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Don't Overlook Milwaukee's 'Little' Museums

Apr. 11, 2017
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Bob Paquette Microphone Museum

We all know the city’s big museums, the Milwaukee Public Museum and the Milwaukee Art Museum, Discovery World and Betty Brinn Children’s Museum. And then there is the “Museum Mile” whose components include the Charles Allis Art Museum, Jewish Museum Milwaukee, North Point Lighthouse, Museum of Wisconsin Art at Saint John’s on the Lake and Villa Terrace Decorative Arts Museum. But the city holds other venues dedicated to preserving aspects of our past, too. Here are a few of the lesser-knowns—including a pair of digital museums that dream of becoming brick and mortar.

Bob Paquette Microphone Museum
107 E. National Ave.

Much of the beauty of this museum is in its tucked-away surprise: innocuously located within the reliable and excellent Select Sound rental facility sits a private collection of more than a thousand microphones that go back to, well, nearly a time before microphones. Its contents go beyond its namesake, though: There are (tangentially?) related items like preamps, radios and even telephones that are electronic marvels, either because of (or in spite of) their relatively primitive—yet still complex!—nature. It’ll make you want to break, or at least break open, your smart phone. Admission is free. (Franklin K.R. Cline)

Milwaukee Fire Historical Society Museum
1615 W. Oklahoma St.

Located in a blink-and-you’ll-miss it space on Oklahoma Avenue that originally housed a fire station built in the aftermath of the Great Depression, the MFHS has a very cool array of exhibits, ranging from emergency vehicles from the 1920s-1940s (some of which were originally used by the Milwaukee Fire Department) to a turn-of-the-century alarm system and a functional pre-Depression kitchen. Open 1-4 p.m. on the first Sunday of each month, the MFHS provides an interesting peek into the history of a vital public good that many of us take for granted. Admission is free. (Franklin K.R. Cline)

Mitchell Gallery of Flight
Mitchell International Airport

Given its location, the Mitchell Gallery of Flight is unlikely to ever be a destination for anyone not waiting for (or just off of) an airplane. But aside from the “Recombobulation Area” sign, it is easily the airport’s most interesting stop. The gallery honors many local aviation heroes, including Captain James Lovell and General Billy Mitchell, both of whom grew up in Milwaukee. The gallery also features mementos from Charles Lindbergh’s visit to the airport, then known as Hamilton Airport, shortly after it opened in 1927. A replica of Lindbergh’s The Spirit of St. Louis hangs just outside the entrance to the gallery. (Matthew J. Prigge)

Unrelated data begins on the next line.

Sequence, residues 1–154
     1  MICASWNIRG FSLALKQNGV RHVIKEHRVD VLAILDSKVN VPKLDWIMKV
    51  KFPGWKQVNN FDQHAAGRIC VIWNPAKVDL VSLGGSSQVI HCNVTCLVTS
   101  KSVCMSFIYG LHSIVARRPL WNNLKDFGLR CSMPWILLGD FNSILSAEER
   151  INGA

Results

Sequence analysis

Thomas A. Greene Geological Museum
3209 N. Maryland Ave.

The Thomas A. Greene collection is comprised of minerals and fossils that Greene, an amateur Milwaukee geologist, collected over his lifetime. Greene acuminated more than 75,000 specimens, mostly in the 1880s-’90s. After Greene’s death, his heirs commissioned a building to house the collection, and in 1913 the Alexander Eschweiler structure, located at 3367 N. Downer Ave., opened to the public. The collection has since been relocated to the Lapham Building on the UW-Milwaukee campus. The original museum building still stands—now home to UWM’s Stahl Center for Jewish Studies. (Matthew J. Prigge)

Online Only Museums

Museum of Beer and Brewing

Very much a work in progress, the idea seems like a slam dunk for a town nicknamed Brew City: the development of a brick-and-mortar museum (and a comprehensive virtual one) that celebrates Milwaukee’s history of brewing up suds. The website features an interesting look at a mostly forgotten brewery, Obermann, by Erik Peterson, one of the city’s foremost champions for the establishment of the museum. It also has a clickable floor plan that highlights a few notable items in each area—all three floors. It’s a tantalizing taste of what could, and should, become a reality. (Franklin K.R. Cline)

National Bobblehead Hall of Fame and Museum

Forget having a star on the Hollywood Walk of Fame or receiving a Congressional Medal of Honor. Having a bobblehead in your likeness means you’ve made it into the zeitgeist. Bobbleheads are more than just Tuesday-night giveaways at the ballpark; they’re uniquely American enshrinements. The National Bobblehead Hall of Fame and Museum—which projects to open a physical location in 2017—reminds us of this. The website features a very cool 3D tour of its most recent physical incarnation, and a custom bobblehead section in which you could order a bobblehead of your own likeness. Immortality is just a few clicks away! (Franklin K.R. Cline)

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